#5 Church of St. Blaise (Crkva sv. Blaža, Dubrovnik)
Opposite the Cathedral of the Assumption of the Virgin Mary, the Church of St. Blaise honors the city’s patron saint, who saved Dubrovnik in the 10th century from Venetians who had anchored their ships nearby. Freely roaming the city under the guise of stocking up on supplies before heading east, the Venetians were secretly making notes on how to attack Dubrovnik. One night, a parish priest went into a local church and found, incredibly, a heavenly army led by a grizzled old man, with a bishop’s mitre and a staff, who identified himself as Vlaho (or, in English, Blaise) and revealed to the priest the Venetians’ true intentions. The priest relayed the message to the city leaders, who promptly prepped the city, dampening the plans of the Venetians, who hoisted anchor and left. The next year, in 972, Dubrovnik began its still-extant celebration of the Feast of St. Blaise, the man who saved the city in 971 — but who had actually died in 316. As if Blaise’s miraculous appearance wasn’t enough, he defied logic again when, following a fire that completely devastated the prior church, burning and melting everything in it, only one item survived unscathed: a silver statue of St. Blaise. Rebuilt in 1715, this church puts Blaise front and center on the building’s façade, standing atop the arched gable over a semicircular stained-glass window and holding a model of the city. To his one side, a statue personifies Faith; to the other, Hope. I climbed the short flight of stairs leading to the portal, decorated with angel statues, and entered the baroque interior. The square nave with a barrel-vaulted ceiling leads to a square sanctuary and the apse flanked by sacristies. Central Corinthian columns support the dome and lantern. The white and polychrome marble altar holds a niche in which stands the miraculous silver statue. After exiting the church, I sat on the steps next to the balustrade and considered the individual balusters next to me. Most of them were darkened with age, pockmarked with holes from the senseless shelling the city endured during the siege of 1991 when Yugoslavia was imploding. The top part of one of them, however, was brand new, bright, clean, and smooth — a rebirth of sorts. In its way, it reminded me of how Faith, Hope, and St. Blaise are still watching out for this unique city.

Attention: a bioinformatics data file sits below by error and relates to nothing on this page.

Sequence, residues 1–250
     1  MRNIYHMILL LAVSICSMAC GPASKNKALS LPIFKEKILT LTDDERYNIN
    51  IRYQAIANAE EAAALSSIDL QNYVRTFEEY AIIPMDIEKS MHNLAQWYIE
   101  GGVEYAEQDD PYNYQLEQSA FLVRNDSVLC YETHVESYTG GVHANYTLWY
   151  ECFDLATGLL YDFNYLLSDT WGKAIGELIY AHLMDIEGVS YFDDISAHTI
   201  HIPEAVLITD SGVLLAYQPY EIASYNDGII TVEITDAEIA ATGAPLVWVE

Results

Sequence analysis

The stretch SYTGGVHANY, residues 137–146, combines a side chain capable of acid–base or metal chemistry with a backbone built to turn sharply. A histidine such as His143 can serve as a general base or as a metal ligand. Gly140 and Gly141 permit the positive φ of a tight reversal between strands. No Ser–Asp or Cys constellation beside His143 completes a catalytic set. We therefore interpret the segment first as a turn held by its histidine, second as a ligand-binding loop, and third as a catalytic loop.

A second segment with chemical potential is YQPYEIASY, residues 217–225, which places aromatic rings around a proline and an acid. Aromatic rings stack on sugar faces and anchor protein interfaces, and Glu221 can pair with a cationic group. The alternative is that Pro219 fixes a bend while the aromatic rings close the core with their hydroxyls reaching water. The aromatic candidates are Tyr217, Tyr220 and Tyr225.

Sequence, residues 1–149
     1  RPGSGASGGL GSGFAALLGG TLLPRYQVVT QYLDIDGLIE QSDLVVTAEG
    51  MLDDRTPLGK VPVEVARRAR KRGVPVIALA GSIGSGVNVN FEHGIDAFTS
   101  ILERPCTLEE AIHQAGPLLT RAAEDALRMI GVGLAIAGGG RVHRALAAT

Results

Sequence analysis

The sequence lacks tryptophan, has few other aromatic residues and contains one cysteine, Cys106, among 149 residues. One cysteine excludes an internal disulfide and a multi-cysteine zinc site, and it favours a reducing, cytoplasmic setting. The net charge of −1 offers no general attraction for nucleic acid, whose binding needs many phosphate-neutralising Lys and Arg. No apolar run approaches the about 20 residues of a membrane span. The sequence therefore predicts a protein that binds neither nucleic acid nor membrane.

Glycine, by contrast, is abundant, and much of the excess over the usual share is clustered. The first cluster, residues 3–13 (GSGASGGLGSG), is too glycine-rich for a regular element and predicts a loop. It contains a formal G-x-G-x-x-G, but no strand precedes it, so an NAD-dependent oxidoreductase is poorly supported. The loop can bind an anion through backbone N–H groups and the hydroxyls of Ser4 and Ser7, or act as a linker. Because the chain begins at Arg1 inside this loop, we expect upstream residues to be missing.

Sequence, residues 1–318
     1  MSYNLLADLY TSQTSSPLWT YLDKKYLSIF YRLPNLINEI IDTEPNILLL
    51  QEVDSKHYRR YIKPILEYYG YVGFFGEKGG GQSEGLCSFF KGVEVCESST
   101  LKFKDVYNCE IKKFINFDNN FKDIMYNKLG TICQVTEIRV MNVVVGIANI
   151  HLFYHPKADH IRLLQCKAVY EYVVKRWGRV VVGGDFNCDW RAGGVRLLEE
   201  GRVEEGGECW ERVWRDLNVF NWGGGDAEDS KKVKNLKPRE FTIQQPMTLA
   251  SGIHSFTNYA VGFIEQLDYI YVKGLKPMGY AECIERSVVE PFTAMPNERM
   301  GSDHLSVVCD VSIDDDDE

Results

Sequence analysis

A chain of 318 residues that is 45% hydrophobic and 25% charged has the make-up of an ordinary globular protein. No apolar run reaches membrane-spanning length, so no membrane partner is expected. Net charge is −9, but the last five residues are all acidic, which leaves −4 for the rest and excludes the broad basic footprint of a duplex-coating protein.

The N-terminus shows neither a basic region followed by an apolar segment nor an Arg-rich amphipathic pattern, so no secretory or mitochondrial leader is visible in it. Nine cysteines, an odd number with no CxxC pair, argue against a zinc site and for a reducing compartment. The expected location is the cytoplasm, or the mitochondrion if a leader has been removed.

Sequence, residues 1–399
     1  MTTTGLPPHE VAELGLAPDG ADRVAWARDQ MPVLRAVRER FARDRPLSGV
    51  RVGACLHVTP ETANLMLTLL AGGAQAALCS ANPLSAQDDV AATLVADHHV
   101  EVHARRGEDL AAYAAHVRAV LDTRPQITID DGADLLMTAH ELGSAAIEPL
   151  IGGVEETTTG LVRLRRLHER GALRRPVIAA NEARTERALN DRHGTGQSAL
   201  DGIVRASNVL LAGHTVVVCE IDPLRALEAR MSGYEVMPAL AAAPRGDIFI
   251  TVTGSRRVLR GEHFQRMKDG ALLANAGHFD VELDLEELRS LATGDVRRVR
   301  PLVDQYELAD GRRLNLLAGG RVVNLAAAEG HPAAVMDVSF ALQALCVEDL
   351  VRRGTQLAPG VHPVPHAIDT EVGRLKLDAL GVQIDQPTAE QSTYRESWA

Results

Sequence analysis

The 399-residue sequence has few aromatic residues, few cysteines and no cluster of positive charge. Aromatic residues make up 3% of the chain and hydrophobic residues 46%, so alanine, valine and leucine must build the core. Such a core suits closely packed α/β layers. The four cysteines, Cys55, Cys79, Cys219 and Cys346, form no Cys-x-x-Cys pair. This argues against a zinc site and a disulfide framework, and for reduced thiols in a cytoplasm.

- St. Mark’s Church (Crkva sv. Marka, Zagreb, c. 1475)
- Cathedral of the Assumption of the Blessed Virgin Mary (Varaždinska Katedrala, Varaždin, 1656)
- Ursuline Church of the Birth of Christ (Uršulinska Crkva Rođenja Kristova, Varaždin, 1726)
- St. Saviour Church (Crkva sv. Spasa, Dubrovnik, 1528)
- Franciscan Church (Crkva sv. Ivana Krstitelja, Varaždin, 1657)